North Korea, which has enforced strict antivirus controls at its borders for more than two years, did not provide further details about the new lockdown. But an Associated Press photographer on the South Korean side of the border saw dozens of people working in fields or walking on sidewalks in a North Korean border town — an indication that the lockdown won’t require people to stay at home, or work at home. exempts the farm.

The measures described in state media and Kim’s statement that the economic targets still need to be met may indicate that North Korea is focusing more on restricting travel and deliveries between regions, said analyst Cheong Seong-Chang of the Sejong Institute in South Korea.

The government of North Korea has shunned vaccines offered by the UN-backed COVAX distribution program, possibly because they have international monitoring requirements.

The Seoul Ministry of Unification said South Korea is willing to provide medical and other aid to North Korea on humanitarian grounds. Relations between the Koreas have deteriorated since 2019 due to a stalemate in nuclear negotiations and the North’s increasingly provocative weapons tests.

In Beijing, China’s Foreign Ministry spokesman Zhao Lijian said Beijing is providing assistance to North Korea in dealing with the outbreak. North Korea has reportedly rejected previous Chinese offers of domestically developed vaccines.

Kim Sin-gon, a professor at Korea University College of Medicine in Seoul, said North Korea likely indicates its willingness to receive external vaccines, but wants many more doses than COVAX offers to inoculate the entire population multiple times. He said North Korea also wants the shipment of COVID-19 drugs and medical equipment, which are banned by UN sanctions.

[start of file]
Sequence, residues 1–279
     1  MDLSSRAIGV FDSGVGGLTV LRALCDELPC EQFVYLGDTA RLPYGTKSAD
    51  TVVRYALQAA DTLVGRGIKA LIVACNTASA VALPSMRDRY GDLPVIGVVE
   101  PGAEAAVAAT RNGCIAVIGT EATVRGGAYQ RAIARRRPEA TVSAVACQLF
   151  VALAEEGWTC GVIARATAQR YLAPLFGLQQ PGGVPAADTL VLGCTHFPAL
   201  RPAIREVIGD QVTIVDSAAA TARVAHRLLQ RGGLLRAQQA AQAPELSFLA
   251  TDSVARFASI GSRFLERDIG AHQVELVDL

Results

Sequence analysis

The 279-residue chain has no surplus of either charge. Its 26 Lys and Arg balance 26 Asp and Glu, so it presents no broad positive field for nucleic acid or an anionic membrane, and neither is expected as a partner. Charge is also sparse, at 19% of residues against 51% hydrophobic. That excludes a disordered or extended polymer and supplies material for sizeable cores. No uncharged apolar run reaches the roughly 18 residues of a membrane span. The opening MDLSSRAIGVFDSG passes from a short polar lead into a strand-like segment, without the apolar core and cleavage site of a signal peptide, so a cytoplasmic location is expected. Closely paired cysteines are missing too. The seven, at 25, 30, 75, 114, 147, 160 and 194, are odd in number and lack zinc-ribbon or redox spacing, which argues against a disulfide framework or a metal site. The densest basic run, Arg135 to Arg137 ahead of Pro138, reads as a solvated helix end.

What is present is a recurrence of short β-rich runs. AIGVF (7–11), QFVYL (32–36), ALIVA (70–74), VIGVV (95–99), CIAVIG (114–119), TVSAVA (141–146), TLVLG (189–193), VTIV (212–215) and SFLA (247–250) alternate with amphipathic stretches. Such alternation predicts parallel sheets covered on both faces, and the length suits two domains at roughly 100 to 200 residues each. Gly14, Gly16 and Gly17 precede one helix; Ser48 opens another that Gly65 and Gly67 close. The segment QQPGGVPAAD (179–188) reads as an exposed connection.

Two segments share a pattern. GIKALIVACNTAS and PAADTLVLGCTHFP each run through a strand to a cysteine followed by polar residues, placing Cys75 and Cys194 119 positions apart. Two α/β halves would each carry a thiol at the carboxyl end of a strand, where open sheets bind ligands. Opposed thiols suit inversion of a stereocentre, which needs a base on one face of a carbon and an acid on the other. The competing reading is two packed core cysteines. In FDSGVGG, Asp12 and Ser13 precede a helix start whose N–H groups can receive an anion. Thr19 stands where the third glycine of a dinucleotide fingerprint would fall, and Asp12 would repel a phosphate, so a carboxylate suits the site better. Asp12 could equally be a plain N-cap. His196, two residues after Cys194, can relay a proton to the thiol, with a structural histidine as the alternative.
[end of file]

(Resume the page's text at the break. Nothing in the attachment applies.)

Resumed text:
Omicron spreads much more easily than previous variants of the coronavirus, and death rates and hospitalizations are high among unvaccinated older people or those with pre-existing health conditions. That means the outbreak could create “a serious situation” because North Korea has no medical equipment and drugs to treat virus patients and many of its people are not well-nourished, Kim Sin-gon said.

Ahn Kyung-su, head of DPRKHEALTH.ORG, a website that focuses on health issues in North Korea, said North Korea’s admission of the outbreak is likely to push the population harder to protect themselves against the virus, as China, which has a long, porous border with the north, has closed many of its cities over concerns about the virus.

North Korea is also likely to emphasize lockdowns, though China’s “zero-COVID” experience policies suggest that approach won’t work against the fast-moving omicron variant, said Leif-Eric Easley, a professor of international studies at Ewha Womans University in Seoul.